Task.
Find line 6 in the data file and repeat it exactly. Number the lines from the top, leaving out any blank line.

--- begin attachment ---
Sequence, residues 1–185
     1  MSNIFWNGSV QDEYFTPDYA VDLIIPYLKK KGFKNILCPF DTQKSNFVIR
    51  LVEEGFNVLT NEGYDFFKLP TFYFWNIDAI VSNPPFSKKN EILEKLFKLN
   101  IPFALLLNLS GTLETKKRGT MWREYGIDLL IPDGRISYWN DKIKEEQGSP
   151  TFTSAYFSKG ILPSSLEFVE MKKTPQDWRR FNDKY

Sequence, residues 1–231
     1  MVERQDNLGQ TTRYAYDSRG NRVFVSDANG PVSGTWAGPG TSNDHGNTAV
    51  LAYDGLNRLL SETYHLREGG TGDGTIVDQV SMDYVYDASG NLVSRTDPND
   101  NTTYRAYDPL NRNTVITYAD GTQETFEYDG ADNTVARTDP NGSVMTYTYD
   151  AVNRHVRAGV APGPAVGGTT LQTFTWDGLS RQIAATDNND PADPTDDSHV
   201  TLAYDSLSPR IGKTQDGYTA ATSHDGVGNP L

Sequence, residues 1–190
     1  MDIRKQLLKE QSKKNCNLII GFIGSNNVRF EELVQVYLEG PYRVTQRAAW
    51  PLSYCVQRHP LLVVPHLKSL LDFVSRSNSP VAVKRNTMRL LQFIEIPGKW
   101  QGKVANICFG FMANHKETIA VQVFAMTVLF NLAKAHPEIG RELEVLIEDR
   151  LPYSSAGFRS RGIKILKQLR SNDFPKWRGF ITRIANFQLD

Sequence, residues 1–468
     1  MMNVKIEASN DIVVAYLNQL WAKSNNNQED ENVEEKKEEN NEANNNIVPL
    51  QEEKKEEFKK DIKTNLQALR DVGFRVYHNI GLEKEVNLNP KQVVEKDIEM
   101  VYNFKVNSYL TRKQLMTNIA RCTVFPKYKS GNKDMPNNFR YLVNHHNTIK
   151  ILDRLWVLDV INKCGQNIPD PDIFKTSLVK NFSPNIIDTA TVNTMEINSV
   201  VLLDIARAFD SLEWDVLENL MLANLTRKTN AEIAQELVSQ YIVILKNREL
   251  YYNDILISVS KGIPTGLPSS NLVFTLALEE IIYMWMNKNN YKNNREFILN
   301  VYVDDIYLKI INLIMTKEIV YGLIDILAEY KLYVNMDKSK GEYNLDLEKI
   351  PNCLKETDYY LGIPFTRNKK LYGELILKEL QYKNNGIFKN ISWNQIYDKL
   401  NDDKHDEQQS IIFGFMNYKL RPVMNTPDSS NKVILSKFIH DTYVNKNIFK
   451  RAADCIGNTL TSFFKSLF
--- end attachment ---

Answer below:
Sequence, residues 1–231